Have you ever been in charge of the school or band’s sound system before? Surely, you have seen an audio splitter. Unlike in the past, electronic sound equipment have become complex and sophisticated in terms of technology.
Nowadays, if you want to have a separate mix for either broadcasting or recording live performances, you may split the mic signals by feeding into more than a single mixing console. In this way, the person performing may be isolated from the confusing noise that the audience hears. Therefore, allowing better monitor mix.
However, before you settle which audio mix to use, make sure that you are familiar with sound team jargons like low impedance, balanced, crossover, direct box, and a lot more. By knowing these and other important facts, you will be equipped in choosing the right audio splitter for any given live performance.
How is impedance important in matching audio applications?
To begin with this matter, know the difference of both low impedance output and high impedance inputs. The former pertain to microphones, while the latter pertain to mixers. When a mic feed signals to a mixer, the signal is split and sent into more than one mixing console. Thus, the input impedances allow additional paths for electrical current.
Typically, some microphones can split into two, three, or four destinations without the aid of electronics. This is accomplished through the number of splits, length of the cable wires, impedances in the system, and the quality of electrical components used. This technique is called passive splitting since no power is required.
However, when you need to split microphones to more than four consoles, active electronic splitters may be required.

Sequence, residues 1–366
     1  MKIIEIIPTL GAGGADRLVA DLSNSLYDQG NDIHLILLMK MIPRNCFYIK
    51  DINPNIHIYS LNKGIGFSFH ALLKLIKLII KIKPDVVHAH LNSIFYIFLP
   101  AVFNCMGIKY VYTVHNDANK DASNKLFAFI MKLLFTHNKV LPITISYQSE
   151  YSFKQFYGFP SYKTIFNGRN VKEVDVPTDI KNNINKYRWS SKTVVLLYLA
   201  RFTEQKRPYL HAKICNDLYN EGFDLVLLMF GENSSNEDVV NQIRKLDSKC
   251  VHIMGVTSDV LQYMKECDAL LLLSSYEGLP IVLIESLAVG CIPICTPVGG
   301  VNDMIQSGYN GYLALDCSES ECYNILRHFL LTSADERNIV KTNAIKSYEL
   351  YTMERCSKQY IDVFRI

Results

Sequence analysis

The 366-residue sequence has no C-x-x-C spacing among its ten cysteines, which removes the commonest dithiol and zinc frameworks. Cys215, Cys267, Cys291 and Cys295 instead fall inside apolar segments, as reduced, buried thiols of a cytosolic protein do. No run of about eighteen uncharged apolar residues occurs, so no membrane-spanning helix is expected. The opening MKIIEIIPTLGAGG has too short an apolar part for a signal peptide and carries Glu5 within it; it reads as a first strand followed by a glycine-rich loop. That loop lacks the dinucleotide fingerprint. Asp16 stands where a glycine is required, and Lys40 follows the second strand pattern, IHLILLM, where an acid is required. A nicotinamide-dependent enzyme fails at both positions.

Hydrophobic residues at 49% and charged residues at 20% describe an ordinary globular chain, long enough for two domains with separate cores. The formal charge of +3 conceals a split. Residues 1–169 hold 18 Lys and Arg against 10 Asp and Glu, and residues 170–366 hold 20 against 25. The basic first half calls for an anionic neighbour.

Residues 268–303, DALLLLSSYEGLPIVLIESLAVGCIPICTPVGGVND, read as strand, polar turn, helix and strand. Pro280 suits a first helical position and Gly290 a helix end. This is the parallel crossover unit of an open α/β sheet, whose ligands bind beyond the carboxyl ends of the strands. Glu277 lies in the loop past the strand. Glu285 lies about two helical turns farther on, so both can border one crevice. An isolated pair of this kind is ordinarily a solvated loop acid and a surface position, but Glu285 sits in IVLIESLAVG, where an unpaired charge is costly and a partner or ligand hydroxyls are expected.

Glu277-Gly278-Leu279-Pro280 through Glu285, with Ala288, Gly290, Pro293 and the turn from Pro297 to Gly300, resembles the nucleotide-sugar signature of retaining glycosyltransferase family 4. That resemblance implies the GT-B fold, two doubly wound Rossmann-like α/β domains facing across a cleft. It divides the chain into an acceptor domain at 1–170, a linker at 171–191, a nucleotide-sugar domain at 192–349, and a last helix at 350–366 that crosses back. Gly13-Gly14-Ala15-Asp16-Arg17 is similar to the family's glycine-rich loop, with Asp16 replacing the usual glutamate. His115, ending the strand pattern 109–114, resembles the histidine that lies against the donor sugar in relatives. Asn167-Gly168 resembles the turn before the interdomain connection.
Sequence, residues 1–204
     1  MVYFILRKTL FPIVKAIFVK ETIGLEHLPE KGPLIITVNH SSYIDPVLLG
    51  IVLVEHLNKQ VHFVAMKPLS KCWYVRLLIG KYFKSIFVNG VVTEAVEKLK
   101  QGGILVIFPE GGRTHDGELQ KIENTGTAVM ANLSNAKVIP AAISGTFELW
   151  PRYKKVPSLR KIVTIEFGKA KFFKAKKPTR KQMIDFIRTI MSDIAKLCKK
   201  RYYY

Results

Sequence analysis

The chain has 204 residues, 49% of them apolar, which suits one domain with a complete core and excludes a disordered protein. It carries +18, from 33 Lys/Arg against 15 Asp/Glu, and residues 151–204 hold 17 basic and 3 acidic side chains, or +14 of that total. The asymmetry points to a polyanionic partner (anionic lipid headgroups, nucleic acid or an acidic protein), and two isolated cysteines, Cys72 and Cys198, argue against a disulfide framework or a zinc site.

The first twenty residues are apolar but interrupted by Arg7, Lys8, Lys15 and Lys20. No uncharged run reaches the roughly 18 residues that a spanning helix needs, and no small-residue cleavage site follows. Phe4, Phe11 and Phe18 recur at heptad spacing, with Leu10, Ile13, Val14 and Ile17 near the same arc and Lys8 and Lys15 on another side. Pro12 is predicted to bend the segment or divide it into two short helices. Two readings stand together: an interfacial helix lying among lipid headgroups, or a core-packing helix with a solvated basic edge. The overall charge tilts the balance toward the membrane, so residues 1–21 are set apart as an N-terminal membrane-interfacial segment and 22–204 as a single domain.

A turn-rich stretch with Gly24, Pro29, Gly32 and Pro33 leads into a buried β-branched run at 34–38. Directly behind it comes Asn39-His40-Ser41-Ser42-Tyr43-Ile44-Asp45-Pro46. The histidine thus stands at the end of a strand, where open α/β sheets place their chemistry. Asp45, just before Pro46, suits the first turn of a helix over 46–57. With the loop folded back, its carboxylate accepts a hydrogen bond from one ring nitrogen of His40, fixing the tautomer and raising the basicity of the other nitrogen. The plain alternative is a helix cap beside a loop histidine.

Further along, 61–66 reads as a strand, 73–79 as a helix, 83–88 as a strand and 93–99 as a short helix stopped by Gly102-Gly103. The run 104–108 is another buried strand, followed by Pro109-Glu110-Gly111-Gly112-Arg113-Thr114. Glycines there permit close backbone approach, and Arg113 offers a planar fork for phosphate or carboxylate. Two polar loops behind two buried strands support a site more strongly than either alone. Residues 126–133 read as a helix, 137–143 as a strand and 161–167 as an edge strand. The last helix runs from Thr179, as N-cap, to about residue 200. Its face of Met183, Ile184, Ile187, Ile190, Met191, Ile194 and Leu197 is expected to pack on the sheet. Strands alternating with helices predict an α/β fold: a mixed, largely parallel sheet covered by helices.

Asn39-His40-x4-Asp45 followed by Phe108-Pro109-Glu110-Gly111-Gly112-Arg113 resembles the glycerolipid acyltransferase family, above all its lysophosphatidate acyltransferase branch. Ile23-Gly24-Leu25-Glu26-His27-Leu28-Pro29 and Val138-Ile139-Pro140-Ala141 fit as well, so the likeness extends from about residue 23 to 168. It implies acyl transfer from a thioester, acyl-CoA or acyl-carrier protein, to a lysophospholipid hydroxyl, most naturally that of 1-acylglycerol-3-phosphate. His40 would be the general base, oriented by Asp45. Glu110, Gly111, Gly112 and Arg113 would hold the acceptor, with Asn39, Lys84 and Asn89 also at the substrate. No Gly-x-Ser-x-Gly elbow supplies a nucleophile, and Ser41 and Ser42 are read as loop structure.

What is the difference between a parallel split and a transformer isolated split?
Basically, passive splitters come in two types: the transformer isolated and the parallel.
- Transformer isolated – the microphone is directly wired through a “Direct Out” and to a splitting transformer input. This digital audio splitter will allow AC audio signals to pass but will block DC voltage in either direction. Hence, impedances are still apparent.
However, this is good as it increases the ability of each leg to reject signal interference. Furthermore, high quality transformers are great for providing high frequency response and proper protection for the mic signal.
- Parallel – the mic cable is connected to different mixing consoles through “Y” connecting the minus, plus, and ground wires to other consoles as well. This type is simpler compared to the transformer. However, what is lacking in the parallel split is the DC isolation feature. This makes the system susceptible to buzzes and hums caused by outer signal interference.
If used in places with a lot of noise or connected to a variety of systems for mobile recording, the problems with interference can be lessened with the use of an optical audio splitter.
The aforementioned are just some of the things that beginners must know regarding sound equipment and hardware such as the audio splitter. As a matter of fact, there are dozens of varieties with different purposes and features. The difference in design and application to complex types of sound systems may not be covered in this article. However, you may always contact audio and video equipment shops such as 3DHD Gear. To see their selection of splits, check out this link: 3dhdgear.com/collections/audio-splitters.